(Rabenhorst) Krammer 1997 Category: Asymmetrical biraphid
BASIONYM: Navicula cesatii Rabenhorst 1853
REPORTED AS: Cymbella cesatii (Krammer and Lange-Bertalot 1986, p. 325 [in part], pl. 134, figs. 11, 12) | Cymbella cesatii (Patrick and Reimer 1975, p. 21 [in part], pl. 3, fig. 2)
Contributor: Loren Bahls - May 2013
Length Range: 22-39 µm
Width Range: 4.6-6.0 µm
Striae in 10 µm: 16-19 at the valve center, 21-22 near the apices
Valves are narrowly lanceolate and nearly symmetric with respect to the apical axis. Apices are subrostrate and deflected weakly toward the ventral side. The axial area is narrow. The central area is small and asymmetric, formed by 1-3 shortened striae on the ventral side. The raphe is weakly lateral. Proximal raphe ends are deflected toward the dorsal side. Terminal raphe ends are hooked toward the ventral side. Striae are radiate throughout. Areolae are very fine and difficult to resolve in LM.
The morphological range of E. cesatii presented follows the lectotype designated by Krammer (1997, p. 152, Tafel 182, figs. 1-9) and illustrated below. Note that both Krammer and Lange-Bertalot (1986) and Patrick and Reimer illustrate a broader range of varieties and species within E. cesatii (for example, E. stafsholtii and varities of E. cesatii) in their publications.
Basionym: Navicula cesatii
Author: Rabenhorst 1853
Length Range: 20-41 µm
Width Range: 5.4-6.0 µm
Striae in 10 µm: 18-19
Bahls, L. (2013). Encyonopsis from western North America: 31 species from Alberta, Idaho, Montana, Oregon, South Dakota, and Washington, including 17 species described as new. Northwest Diatoms, Volume 5. The Montana Diatom Collection, Helena, 46 pp.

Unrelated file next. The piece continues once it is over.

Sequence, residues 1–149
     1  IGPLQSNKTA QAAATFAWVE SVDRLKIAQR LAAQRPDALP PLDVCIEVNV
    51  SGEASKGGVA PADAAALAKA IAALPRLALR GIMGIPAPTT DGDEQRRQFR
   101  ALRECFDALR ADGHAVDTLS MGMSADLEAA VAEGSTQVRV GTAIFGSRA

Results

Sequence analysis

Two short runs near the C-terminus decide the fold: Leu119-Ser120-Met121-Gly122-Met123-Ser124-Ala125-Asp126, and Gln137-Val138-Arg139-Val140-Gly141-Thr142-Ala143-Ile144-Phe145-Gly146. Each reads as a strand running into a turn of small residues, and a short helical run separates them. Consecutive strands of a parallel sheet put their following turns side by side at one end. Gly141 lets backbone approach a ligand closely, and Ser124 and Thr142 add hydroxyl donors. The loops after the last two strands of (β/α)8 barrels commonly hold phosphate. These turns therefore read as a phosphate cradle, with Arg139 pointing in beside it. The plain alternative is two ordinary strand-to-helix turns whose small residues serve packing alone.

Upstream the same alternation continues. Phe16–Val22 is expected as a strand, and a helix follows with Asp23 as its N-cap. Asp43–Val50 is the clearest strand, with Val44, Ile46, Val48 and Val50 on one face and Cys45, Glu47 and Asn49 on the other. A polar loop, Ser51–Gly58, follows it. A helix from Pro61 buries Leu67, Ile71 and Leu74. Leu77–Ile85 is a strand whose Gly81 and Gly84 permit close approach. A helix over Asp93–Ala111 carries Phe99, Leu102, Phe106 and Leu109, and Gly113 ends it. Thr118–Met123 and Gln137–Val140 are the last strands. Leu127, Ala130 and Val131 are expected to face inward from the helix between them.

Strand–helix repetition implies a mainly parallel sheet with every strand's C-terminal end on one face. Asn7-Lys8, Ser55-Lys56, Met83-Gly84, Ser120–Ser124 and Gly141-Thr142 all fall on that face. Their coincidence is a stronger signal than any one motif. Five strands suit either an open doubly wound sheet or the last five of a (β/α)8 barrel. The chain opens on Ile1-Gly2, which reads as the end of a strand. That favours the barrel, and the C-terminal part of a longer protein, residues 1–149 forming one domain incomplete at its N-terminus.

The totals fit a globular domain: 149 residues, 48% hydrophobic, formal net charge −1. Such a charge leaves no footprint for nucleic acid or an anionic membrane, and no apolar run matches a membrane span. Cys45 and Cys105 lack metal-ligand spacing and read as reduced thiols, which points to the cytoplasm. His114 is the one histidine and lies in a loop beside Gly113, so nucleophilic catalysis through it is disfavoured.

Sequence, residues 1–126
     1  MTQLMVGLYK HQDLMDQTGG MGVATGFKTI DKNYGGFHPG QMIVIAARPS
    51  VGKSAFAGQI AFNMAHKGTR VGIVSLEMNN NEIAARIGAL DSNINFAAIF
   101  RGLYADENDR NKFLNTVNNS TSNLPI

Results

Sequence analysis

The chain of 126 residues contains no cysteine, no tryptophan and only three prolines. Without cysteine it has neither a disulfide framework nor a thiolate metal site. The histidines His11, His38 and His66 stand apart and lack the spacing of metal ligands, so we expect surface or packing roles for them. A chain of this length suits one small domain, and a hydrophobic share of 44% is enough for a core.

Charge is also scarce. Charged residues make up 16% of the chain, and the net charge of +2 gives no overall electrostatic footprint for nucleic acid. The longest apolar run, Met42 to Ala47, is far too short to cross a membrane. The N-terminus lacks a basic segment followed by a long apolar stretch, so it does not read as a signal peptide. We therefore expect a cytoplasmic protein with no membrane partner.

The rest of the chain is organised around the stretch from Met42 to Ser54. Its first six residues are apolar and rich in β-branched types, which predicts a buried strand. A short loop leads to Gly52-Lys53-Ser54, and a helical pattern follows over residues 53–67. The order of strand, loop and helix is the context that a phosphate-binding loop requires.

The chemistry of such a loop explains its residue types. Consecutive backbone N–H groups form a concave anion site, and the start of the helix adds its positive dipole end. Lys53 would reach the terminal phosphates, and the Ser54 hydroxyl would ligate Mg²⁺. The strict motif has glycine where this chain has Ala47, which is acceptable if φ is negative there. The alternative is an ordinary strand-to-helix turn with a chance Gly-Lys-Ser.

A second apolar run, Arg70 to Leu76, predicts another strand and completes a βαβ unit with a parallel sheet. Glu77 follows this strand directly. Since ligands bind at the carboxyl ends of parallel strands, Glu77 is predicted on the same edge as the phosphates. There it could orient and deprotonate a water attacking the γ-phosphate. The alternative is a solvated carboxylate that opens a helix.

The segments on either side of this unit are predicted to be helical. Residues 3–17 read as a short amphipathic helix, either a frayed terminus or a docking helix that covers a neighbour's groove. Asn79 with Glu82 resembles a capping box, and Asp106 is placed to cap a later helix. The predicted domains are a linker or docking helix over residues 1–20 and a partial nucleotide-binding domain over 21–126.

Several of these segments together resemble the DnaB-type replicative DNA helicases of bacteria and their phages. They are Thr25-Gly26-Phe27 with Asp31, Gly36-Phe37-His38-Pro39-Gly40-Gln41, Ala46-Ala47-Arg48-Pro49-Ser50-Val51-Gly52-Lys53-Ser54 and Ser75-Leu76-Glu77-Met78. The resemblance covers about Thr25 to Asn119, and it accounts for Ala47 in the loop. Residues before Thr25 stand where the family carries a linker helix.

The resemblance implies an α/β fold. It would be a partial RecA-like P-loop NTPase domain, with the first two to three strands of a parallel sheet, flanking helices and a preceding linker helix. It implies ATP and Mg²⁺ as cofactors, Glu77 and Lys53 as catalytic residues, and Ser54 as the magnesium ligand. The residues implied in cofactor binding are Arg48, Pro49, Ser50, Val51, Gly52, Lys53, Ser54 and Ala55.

Krammer, K. (1997). Die cymbelloiden Diatomeen. Eine Monographie der weltweit bekannten Taxa. Teil 2. Encyonema part., Encyonopsis and Cymbellopsis. Bibliotheca Diatomologica 37:1-469.
Krammer, K. and Lange-Bertalot, H. (1986). Bacillariophyceae. 1. Teil: Naviculaceae. In: Ettl, H., J. Gerloff, H. Heynig and D. Mollenhauer (eds.) Susswasserflora von Mitteleuropa, Band 2/1. Gustav Fisher Verlag, Jena. 876 pp.
Patrick, R.M. and Reimer, C.W. (1975). The Diatoms of the United States, exclusive of Alaska and Hawaii, V. 2. Monographs of the Academy of Natural Sciences of Philadelphia 13.
Rabenhorst, L. (1853). Die Süßwasser-Diatomaceen (Bacillarien) für Freunde der Mikroskopie. Leipzig, 72 pp.
Encyonopsis cesatii is common in small headwater lakes, ponds and springs in the northern Rocky Mountains, where it is often found among mosses. Here it prefers cold, circumneutral waters with low concentrations of nutrients and dissolved solids. In these habitats it is often found in association with Encyonopsis falaisensis. Patrick & Reimer (1975) report it from the New England states and the Great Lakes states. Krammer & Lange-Bertalot (1986) report it as a northern-alpine species and common in the Alps and Finland.
Kootenai Pond, Glacier National Park, Montana: home of Encyonopsis cesatii and Encyonopsis falaisensis.
Credit/Source: Loren Bahls